Dealer Ops

Know The Five Steps Online Shoppers Take

To capture the ever-increasing Internet market, it helps to have a thorough understanding of the online car shopping experience. Consumers typically go through five steps before making a final decision about the type of vehicle they want to purchase, including where they plan to purchase it.

With a good understanding of the Internet shopping experience, dealers can ensure their online presence throughout the process. Reaching out to the car buyer at each stage exponentially increases the chance your dealership’s name will be remembered, and ultimately contacted by the consumer when they are ready to buy.

Step #1: Research
The impetus to buy a new car usually starts slowly, as an idea or desire. The consumer begins browsing online, conducting searches, visiting automobile research Web sites or visiting an OEM site. According to a recent Jupiter Research study, the majority of online car buyers don’t know the exact make, model or car they want when beginning their research. However, more than half the people know the approximate price range, which is typically the driving force in the initial search. Ensuring all vehicle listings contain a price is critical during this phase if dealerships want to be considered.

One way for dealers to have visibility during the initial research phase is to advertise on many of the third party Web sites such as,, eBay,,,, etc. In 2006, consumers were just as likely to visit a third party site or manufacturer Web site as they were to visit a dealership in person.

Additionally, dealers need to have their Web sites optimized. Complement search engine optimization (SEO) with paid listings, or search engine marketing (SEM), to capture their share of automotive shoppers. Dealers should track which engines are driving leads and resulting in the most qualified leads to more effectively optimize their site.

Step #2: Results
If a car buyer enters a specific price range, many results will be linked to actual inventory on third-party sites or dealer Web sites. If a dealer wants to be found, they should be sure to have updated inventory available not only on their own Web sites, but on as many third party sites as possible as well.

Additionally, the more information included in the results, such as detailed photos, accurate listing information and a creative marketing message, will increase chances of vehicles being selected for further consideration and continuing through the consumer purchase process funnel.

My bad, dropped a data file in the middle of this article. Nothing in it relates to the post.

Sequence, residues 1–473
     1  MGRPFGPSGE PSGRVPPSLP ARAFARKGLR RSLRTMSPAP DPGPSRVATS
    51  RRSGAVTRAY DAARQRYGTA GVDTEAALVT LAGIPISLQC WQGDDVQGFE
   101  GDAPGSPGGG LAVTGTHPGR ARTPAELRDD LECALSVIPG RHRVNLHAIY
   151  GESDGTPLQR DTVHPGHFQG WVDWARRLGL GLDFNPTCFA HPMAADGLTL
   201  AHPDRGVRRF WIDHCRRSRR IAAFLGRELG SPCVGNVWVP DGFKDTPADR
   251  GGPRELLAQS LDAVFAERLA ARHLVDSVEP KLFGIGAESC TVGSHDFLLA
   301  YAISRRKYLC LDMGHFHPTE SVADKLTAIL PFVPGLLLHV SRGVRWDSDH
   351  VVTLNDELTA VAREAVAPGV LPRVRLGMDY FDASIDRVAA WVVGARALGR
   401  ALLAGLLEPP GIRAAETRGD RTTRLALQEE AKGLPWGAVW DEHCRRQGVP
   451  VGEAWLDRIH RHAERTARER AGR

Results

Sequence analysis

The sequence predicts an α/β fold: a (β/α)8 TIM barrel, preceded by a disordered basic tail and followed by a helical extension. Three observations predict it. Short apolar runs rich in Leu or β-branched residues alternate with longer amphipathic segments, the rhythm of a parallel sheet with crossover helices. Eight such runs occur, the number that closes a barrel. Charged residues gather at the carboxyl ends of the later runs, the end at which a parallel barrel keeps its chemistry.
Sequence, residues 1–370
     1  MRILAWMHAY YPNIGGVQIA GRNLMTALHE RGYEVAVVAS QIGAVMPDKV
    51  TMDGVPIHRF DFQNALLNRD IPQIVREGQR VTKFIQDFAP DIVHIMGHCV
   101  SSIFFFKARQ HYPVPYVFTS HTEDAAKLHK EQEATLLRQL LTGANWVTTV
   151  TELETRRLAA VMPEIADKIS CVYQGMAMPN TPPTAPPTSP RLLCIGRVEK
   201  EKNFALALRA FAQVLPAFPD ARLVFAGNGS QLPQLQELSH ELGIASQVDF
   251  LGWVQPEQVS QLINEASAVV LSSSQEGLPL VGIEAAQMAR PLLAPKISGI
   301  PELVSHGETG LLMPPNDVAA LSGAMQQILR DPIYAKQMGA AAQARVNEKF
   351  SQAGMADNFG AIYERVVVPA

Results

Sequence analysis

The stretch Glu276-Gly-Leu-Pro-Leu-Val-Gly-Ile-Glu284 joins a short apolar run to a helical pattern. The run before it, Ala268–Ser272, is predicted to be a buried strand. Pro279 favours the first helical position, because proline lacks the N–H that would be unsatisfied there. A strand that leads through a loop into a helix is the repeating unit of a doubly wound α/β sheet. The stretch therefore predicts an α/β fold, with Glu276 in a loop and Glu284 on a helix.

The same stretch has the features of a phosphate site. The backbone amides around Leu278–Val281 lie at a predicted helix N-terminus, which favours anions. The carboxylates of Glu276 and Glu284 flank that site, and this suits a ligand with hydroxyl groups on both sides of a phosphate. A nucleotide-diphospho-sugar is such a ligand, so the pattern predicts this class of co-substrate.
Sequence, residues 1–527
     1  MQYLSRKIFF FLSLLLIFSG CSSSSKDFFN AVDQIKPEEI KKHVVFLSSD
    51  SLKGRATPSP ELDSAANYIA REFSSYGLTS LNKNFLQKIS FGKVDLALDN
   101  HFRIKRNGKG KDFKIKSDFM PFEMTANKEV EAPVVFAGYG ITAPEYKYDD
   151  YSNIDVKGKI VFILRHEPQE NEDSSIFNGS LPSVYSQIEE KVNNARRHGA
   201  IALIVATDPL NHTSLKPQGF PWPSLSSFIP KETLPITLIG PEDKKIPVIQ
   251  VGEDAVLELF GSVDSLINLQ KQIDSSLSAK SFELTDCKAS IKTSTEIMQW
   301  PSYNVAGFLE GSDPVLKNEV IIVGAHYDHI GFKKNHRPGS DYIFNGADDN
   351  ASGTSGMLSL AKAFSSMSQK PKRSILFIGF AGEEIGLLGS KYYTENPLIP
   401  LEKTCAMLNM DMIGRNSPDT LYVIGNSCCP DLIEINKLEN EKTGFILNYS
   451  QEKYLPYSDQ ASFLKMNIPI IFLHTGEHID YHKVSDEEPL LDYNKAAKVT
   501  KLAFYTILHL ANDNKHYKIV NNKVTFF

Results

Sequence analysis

Step #3: Evaluation
This is perhaps one of the most critical stages of the car buying process. At this stage, the consumer begins to narrow the make and model they desire based on search results found during Step #2. Although their search started with a dozen or more Web sites, the car buyer now feels comfortable with the information they found on perhaps two to three sites. At this stage, they also begin identifying local dealers who match their criteria.

Since this stage is most critical, it is understandably also the most time consuming. The consumer is further eliminating options and dealers based on what’s most important to them including gas mileage, colors, body styles and specials or rebates dealers are offering. Most importantly, consumers will choose to do business with dealers with whom they’ve had a good previous buying experience. Dealers will continue to be in a consumer’s selection process based on inventory selection, convenience, specials and financing.

During this particular stage, the more information a dealer has online about their inventory, the better. Dealers who list only vehicle basic details and use stock photos will probably not fare as well during the evaluation phase as dealers that list every option, along with multiple photos and perhaps even a video of the car. The addition of evaluation tools on a dealer Web site are also a nice touch, enticing consumers to spend time on the site, increasing the chances of contact.

Also, dealers should keep Web site content updated and list any specials or rebates available for vehicles. Web sites without these updated features may be included on the consumer’s elimination list.

Step #4: Contacting Dealers
It’s difficult to track where all contacts originate, as many consumers who spend the first three stages online may decide at this point, to pick up the phone or even visit the dealership in person. Whether a consumer contacts the dealer via a Web site, or the dealer purchases the lead from a third party site, the dealership should be ready to follow up on the lead immediately.

Here is where internal process plays an important part of being included in the online car-buying experience. Dealers who respond quickly with the information that a consumer requested, including price, are more likely to receive additional communications than dealers who delay their response or refuse to give out prices or other requested information. The goal is to create interest, provide a good user experience and give them a reason to come to the dealership.

Step #5: Final Decision
This decision is made when the consumer finds a vehicle he or she wants, has a good experience getting to the final stage and is ready to buy. When these three things come together, the likelihood of a consumer purchasing a vehicle through your dealership increases dramatically.

Vol 4, Issue 10

About the author
Brian Page

Brian Page

General Manager

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